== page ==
Even though Cauwels was told that Guidehouse realized the computer glitch the day it occurred, and fixed it the next day, Cauwels wasn’t told about the error until months after receiving and spending the money. She was told about 100 applicants had the same experience caused by the computer problem.
Cauwels was able to pay the money back, but she remains disappointed in how the situation was handled.
“They knew about the glitch the next day, but they let me go three and half months, and then tell me I have to return that money,” she said. “The sad thing is that they should have never cut me the check in the first place.”
Cauwels said the size of the grants given to Chris Cammack, and the questions about whether his business operates in South Dakota or Texas, made her angry. Cauwels questioned how a taxidermy business, even one that creates large animal trophy rooms, could have lost enough revenue in roughly six months of 2020 to qualify for more than $700,000 in relief payments.
“The money is not paid on a one-to-one basis for losses, so it’s hard to see how they justify that level of grant money,” she said. “I can’t see how they would have enough loss of revenue to qualify even if they were located in South Dakota, which obviously they are not.”
Cauwels said she hopes authorities investigate whether Chris Cammack received the state COVID relief money legally.
“They should have to return the money just like I did, but I think there needs to be more accountability than that,” she said. “I think there needs to be an investigation, and if there was fraudulent activity, or someone trying to get something they didn’t qualify for, I think it should be investigated and it should be prosecuted.”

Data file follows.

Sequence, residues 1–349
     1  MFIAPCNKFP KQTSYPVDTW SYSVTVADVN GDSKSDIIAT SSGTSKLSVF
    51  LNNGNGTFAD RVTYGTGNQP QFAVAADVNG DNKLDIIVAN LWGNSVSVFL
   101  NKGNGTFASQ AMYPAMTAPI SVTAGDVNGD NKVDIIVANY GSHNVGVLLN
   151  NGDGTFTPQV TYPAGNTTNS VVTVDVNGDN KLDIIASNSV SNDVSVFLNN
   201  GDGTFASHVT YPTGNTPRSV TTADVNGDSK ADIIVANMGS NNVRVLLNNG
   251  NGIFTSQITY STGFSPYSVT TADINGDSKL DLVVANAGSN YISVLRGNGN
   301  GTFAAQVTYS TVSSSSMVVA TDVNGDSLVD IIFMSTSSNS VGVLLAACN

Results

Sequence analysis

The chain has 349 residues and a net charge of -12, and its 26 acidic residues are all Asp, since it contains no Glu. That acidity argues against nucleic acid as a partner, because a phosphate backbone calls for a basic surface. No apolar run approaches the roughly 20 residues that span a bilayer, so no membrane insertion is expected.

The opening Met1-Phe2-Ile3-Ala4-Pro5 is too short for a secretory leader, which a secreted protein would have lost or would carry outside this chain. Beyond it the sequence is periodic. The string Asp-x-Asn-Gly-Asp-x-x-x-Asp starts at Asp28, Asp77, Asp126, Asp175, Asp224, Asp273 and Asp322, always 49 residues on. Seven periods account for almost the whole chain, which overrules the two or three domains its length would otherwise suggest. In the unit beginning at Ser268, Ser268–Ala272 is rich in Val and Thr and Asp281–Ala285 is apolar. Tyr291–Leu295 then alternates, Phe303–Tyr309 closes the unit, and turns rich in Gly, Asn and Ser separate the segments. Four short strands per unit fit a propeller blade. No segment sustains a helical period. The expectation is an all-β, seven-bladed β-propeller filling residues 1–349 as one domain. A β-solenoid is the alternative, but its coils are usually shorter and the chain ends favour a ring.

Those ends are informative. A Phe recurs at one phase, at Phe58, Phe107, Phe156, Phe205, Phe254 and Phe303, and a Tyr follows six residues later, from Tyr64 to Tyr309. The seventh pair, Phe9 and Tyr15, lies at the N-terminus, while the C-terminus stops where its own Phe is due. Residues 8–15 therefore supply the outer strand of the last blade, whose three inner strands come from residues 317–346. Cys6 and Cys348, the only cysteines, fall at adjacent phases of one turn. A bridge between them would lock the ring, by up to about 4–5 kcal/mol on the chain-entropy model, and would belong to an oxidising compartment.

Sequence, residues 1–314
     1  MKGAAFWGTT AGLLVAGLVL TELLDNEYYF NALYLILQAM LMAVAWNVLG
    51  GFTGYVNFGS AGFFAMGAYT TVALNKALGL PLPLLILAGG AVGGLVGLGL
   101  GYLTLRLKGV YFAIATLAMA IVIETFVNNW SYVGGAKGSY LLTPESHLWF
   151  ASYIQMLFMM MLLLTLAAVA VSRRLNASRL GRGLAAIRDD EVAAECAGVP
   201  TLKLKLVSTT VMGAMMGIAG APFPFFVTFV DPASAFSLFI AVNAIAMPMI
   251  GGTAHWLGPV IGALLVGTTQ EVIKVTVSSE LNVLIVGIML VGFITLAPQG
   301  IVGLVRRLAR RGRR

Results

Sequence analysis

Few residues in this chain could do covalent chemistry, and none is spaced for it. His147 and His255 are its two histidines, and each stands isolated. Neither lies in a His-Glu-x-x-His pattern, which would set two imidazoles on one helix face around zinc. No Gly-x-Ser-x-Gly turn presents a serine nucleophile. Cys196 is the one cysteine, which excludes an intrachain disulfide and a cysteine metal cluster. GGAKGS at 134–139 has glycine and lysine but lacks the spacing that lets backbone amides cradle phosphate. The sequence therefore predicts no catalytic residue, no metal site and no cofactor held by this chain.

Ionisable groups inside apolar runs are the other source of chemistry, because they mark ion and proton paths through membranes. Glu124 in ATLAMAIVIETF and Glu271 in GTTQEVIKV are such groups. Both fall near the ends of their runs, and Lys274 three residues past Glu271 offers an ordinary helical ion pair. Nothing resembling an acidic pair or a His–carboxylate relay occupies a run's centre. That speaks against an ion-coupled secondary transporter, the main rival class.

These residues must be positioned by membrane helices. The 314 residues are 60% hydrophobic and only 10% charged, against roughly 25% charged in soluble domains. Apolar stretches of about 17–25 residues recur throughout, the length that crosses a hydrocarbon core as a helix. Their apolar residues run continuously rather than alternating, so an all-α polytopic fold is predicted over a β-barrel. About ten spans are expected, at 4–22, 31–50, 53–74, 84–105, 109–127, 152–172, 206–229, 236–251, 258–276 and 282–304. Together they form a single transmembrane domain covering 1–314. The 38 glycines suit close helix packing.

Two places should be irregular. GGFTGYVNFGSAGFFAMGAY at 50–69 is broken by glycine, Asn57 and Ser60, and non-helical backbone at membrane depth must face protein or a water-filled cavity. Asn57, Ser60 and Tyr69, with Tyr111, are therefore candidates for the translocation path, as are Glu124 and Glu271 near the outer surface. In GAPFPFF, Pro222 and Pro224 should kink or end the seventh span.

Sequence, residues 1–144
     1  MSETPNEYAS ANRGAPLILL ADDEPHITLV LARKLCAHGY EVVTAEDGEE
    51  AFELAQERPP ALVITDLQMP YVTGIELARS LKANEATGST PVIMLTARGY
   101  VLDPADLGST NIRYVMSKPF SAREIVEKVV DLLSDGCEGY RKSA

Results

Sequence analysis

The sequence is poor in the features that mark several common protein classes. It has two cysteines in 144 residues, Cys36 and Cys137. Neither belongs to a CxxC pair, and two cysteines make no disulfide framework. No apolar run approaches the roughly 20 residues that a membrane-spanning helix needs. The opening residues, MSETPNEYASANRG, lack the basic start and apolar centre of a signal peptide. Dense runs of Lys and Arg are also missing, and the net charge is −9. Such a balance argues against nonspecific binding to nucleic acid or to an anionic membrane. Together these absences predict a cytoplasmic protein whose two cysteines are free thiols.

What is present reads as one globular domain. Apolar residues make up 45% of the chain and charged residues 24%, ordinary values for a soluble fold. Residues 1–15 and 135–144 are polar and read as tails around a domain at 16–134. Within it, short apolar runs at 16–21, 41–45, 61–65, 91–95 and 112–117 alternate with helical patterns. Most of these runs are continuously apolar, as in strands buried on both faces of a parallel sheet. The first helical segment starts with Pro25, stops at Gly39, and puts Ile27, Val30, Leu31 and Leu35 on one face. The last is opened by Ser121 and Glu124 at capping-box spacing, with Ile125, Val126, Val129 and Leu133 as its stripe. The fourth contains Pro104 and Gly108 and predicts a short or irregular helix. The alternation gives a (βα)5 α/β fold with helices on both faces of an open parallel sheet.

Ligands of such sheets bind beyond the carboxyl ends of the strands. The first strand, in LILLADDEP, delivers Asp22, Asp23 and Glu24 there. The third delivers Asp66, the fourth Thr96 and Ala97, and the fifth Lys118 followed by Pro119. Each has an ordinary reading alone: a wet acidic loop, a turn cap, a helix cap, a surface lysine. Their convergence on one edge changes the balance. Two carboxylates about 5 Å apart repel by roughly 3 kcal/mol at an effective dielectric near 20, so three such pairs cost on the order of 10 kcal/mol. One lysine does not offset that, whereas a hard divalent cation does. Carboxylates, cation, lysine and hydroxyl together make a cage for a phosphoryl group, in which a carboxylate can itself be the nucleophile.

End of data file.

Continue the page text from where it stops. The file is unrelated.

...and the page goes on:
Natalie Stites Means, a Native American community organizer and activist from Rapid City, said she was deeply disturbed to read about the questions surrounding the state COVID grants given to Chris Cammack.
Means said she had heard from several small-business owners in South Dakota, both Native American and non-Native, who were turned down for grants.
“Native Americans are getting cut out of this, and so are other small businesses run by South Dakotans who live and operate in South Dakota, which this business clearly did not,” she said of Prairie Mountain Wildlife Studios.
Means said the state should provide a geographic list of where COVID relief money was distributed across the state and release information about the ethnicity of recipients. Means is collaborating with a national group called United Today, Stronger Tomorrow, which is pushing for more transparency and equity in delivery of billions of dollars in federal COVID relief funding.
“We didn’t see the positive impacts from this money for tribal people, whether they live on reservations or in towns and cities,” she said. “It just angers me that these people are getting money that should be devoted to helping overcome the actual harm many people in South Dakota are feeling.”